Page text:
The speaker’s lack of ‘protection’ casts her in the role of sacrificial initiate-victim or patient in a surgical ‘operation’. She identifies herself with the scapegoat, the Queen Bee who is in the process of being moved to another hive by the villagers to prevent the virgins from killing her. Yet at the same time she becomes a performer, ‘the magician’s girl who does not flinch’. The rhetoric of innocence, naivety, and vulnerable nakedness is a masquerade which allows her to assume the central role in the drama. Poetic authority is inscribed as a function of the speaker’s highly subjective and willed reinvention of herself, which renders the boundary between inner and outer worlds radically fluid and permeable. In ‘The Arrival of the Bee Box’, the speaker is a Pandora figure, who hovers on the brink of assuming her ownership of the potential hive, torn between terror of its ‘dangerous’ powers and fantasies of absolute control. The box of bees becomes a metaphor of the unconscious itself, whose dark, ‘primitive’ forces are linked with the threat of racial and class otherness (‘the swarmy feeling of African hands
Minute and shrunk for export,
Black on black, angrily clambering’, the ‘Roman mob’). Moreover, this trope of the ‘primitive’ unconscious is acted out in linguistic terms. The ‘unintelligible syllables’ of the bees threaten the speaker with loss of sovereign control over meaning. She oscillates between the positions of master and slave, oppressor and victim; between fantasies of despotic power which mimic and caricature the authority of a ‘Caesar’ (‘They can die, I need feed them nothing, I am the owner’) and of escape from vengeful forces through metamorphosis and disguise, assuming the ‘petticoats of the cherry’ or a ‘moon suit and funeral veil’.

Throughout these poems, the speaker is alternately attracted and repelled by the implications of being ‘in control’ (‘Stings’). In ‘Stings’ she is again cast as the beekeeper’s apprentice, learning how to operate the ‘honey machine’ which will ‘work without thinking
Opening in spring, like an industrious virgin’. Here, however, the threat emanates less from the emblematic male figure than from the female, domestic collectivity of the worker bees or ‘winged, unmiraculous women’, who would turn the speaker into a ‘drudge’. The dreamlike logic of ‘Stings’ produces a splitting of the father-beekeeper figure; it pits beekeeper and female apprentice as equivocal allies against an intrusive ‘third person’, a false beekeeper and ‘scapegoat’ who provokes the fury of the bees. This surrealist triangulation is inscribed within a logic of wish fulfillment or fantasized revenge. The punitive stinging of the interloper is followed by the climactic revelation of the Queen Bee:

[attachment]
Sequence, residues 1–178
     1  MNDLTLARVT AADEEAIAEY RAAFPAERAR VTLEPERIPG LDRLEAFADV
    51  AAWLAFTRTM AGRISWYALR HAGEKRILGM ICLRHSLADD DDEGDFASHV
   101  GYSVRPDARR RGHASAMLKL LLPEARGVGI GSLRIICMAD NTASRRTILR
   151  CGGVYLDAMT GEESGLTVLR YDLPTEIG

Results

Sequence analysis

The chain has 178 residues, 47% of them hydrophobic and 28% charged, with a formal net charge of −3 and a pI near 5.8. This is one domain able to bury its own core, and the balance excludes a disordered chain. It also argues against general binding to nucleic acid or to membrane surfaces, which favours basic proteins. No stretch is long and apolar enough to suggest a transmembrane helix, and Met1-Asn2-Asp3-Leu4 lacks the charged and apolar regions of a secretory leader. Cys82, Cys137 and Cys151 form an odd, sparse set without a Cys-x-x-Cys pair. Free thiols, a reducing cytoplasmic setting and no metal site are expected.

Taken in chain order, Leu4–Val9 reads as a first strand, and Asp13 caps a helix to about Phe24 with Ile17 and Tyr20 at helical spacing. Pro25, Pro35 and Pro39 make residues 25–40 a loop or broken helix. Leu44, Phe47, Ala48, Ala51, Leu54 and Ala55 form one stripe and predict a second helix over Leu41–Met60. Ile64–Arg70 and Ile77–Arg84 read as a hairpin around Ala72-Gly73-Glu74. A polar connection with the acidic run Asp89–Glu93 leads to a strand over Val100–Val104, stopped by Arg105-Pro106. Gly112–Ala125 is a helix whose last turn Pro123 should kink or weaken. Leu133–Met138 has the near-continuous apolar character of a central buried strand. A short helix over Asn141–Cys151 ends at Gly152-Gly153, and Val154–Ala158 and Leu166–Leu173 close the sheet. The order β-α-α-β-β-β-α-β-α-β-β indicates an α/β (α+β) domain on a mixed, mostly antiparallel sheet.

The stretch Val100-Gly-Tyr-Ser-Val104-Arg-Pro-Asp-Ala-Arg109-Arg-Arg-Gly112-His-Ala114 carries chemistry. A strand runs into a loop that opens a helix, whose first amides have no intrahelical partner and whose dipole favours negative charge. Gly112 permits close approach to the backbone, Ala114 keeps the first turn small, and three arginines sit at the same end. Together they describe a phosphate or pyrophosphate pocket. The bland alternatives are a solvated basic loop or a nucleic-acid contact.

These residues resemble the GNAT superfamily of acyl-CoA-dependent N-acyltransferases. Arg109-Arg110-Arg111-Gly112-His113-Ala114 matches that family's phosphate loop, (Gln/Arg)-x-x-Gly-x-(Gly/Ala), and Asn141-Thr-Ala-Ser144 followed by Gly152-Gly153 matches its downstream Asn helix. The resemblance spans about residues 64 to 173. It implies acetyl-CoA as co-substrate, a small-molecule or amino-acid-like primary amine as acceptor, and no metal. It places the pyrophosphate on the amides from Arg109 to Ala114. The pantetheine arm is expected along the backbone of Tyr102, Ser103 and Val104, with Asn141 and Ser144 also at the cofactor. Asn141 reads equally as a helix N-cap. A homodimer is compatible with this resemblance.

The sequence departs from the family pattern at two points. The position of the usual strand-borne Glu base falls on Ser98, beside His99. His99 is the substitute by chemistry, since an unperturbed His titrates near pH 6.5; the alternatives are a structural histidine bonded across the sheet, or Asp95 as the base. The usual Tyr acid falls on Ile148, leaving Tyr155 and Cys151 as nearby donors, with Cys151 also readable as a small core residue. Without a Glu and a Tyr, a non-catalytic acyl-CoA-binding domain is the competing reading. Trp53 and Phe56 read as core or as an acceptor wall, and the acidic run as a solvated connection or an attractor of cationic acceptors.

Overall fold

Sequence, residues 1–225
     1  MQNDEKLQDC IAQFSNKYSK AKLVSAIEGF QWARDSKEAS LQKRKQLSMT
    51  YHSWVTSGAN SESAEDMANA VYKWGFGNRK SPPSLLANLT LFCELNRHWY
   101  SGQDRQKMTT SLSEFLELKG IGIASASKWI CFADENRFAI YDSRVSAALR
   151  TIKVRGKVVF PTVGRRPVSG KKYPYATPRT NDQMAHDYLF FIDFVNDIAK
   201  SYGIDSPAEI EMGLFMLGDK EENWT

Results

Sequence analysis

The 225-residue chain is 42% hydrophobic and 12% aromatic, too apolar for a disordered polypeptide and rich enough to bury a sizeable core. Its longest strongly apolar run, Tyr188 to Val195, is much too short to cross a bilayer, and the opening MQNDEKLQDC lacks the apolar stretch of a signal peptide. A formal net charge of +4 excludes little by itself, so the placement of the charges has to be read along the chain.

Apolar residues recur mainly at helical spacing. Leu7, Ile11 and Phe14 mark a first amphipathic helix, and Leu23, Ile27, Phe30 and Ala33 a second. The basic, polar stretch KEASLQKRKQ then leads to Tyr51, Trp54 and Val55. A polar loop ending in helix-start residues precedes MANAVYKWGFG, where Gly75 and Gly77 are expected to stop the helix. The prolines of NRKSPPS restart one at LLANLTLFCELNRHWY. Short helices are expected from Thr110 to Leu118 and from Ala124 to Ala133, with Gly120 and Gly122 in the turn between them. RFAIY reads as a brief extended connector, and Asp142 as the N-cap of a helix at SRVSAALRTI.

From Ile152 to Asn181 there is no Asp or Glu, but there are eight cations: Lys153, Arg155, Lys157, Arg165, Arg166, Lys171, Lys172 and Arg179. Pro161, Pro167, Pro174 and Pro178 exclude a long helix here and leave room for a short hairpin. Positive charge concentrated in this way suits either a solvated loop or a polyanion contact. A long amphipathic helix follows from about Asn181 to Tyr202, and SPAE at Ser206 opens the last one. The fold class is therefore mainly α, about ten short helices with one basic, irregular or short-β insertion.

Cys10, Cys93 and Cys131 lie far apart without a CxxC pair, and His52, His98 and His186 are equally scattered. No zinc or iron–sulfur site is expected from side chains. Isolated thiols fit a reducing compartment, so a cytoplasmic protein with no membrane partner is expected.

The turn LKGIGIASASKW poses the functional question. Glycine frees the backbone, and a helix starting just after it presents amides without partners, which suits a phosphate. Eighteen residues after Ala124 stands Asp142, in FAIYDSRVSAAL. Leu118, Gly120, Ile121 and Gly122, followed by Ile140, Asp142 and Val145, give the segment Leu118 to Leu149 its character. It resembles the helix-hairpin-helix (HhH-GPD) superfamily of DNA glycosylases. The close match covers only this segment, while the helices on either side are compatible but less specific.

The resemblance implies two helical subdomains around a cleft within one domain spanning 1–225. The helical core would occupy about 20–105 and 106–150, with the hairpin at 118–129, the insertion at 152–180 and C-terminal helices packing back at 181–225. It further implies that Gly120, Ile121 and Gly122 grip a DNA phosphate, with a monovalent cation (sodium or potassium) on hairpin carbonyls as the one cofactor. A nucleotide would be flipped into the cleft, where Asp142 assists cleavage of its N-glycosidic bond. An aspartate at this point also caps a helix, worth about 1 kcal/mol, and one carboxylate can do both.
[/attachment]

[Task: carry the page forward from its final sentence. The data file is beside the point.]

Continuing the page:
They thought death was worth it, but I

Have a self to recover, a queen.

Is she dead, is she sleeping?

Where has she been,

With her lion-red body, her wings of glass?

Now she is flying

More terrible than she ever was, red

Scar in the sky, red comet—

Over the engine that killed her—

The mausoleum, the wax house.

These lines have often been read as announcing a moment of mythic rebirth, and the triumphant flight of the Queen Bee, escaping from her enclosure in ‘the mausoleum, the wax house’ , does indeed recall the apocalyptic-destructive power of other iconic female apparitions in Plath’s work: the Clytemnestra figure in ‘Purdah’, the red- haired avenging demon of ‘Lady Lazarus’, and ‘God’s lioness’ in ‘Ariel’. Yet the ‘terrible’ power of the Queen Bee is deceptive; in spite of her ‘lion-red body’, her flight relies on the fragile mechanism of ‘wings of glass’, and the image of the ‘red / Scar in the sky’ suggests the vulnerability of a wounded, stigmatic ‘I’ rather than a triumphant affirmation of selfhood. The Queen Bee is in any case a highly equivocal totem of female power; she is a mere instrument of the hive’s survival, and to that extent reinforces a mythic view of femininity as grounded in unchanging laws of nature. It is a masculine figure, the beekeeper, who exploits and regulates the labour and raw materials of the hive, and the fertility of the Queen Bee, for the production of a commodity. In ‘The Swarm’, the beekeeper who manoeuvres the bees into a new hive is likened to Napoleon, the prototypical dictator; the bees become armies which undergo self-immolation at his command:

How instructive this is!

The dumb, banded bodies

Walking the plank draped with Mother France’s

upholstery

Into a new mausoleum,

An ivory palace, a crotch pine.

The myth of maternity, like that of charismatic leadership, is enlisted in the service of nationalist and imperial ideology; Through such myths, the poem implies, the totalitarian state entwines itself with the affective life of its subjects and becomes ‘the honeycomb of their dream’. Napoleon, whose imperial motif was the bee, and who kept bees during his exile at St Helena, is a figure who holds an ambiguous fascination for the speaker; in a draft of the poem, he is addressed as ‘My Napoleon’. Although she ridicules the totalitarian dream which sees the world as mere plunder (‘O Europe! O ton of honey!’), her schadenfreude implicates her in Napoleon’s will for power.

In the Bee Poems, equivocal attempts to imagine a female collectivity are intercut with fantasies of individual martyrdom, usurpation, and revenge. The last poem of the sequence, ‘Wintering’, celebrates the female hive’s powers of survival and its expulsion of ‘the blunt, clumsy stumblers, the boors’ when they have performed their limited function. But the dimension of protofeminist allegory announced by the trope of the matriarchal community remains essentially tentative and undeveloped, less a conclusion than a question. Rather, Plath’s use of beekeeping as the unifying metaphor of the sequence insists on the materiality of writing as social practice. The text appears as the product of social as well as individual energies. In an ironic rewriting of her New Critical apprenticeship (which saw the poem as self-referring verbal microcosm or autotelic object), what emerges from the Bee Poems is a view of the poetic text as at once psychically and historically overdetermined. Plath’s earlier rewriting of de Chirico’s ‘metaphysical’ style represented a key moment in her theatre of mourning.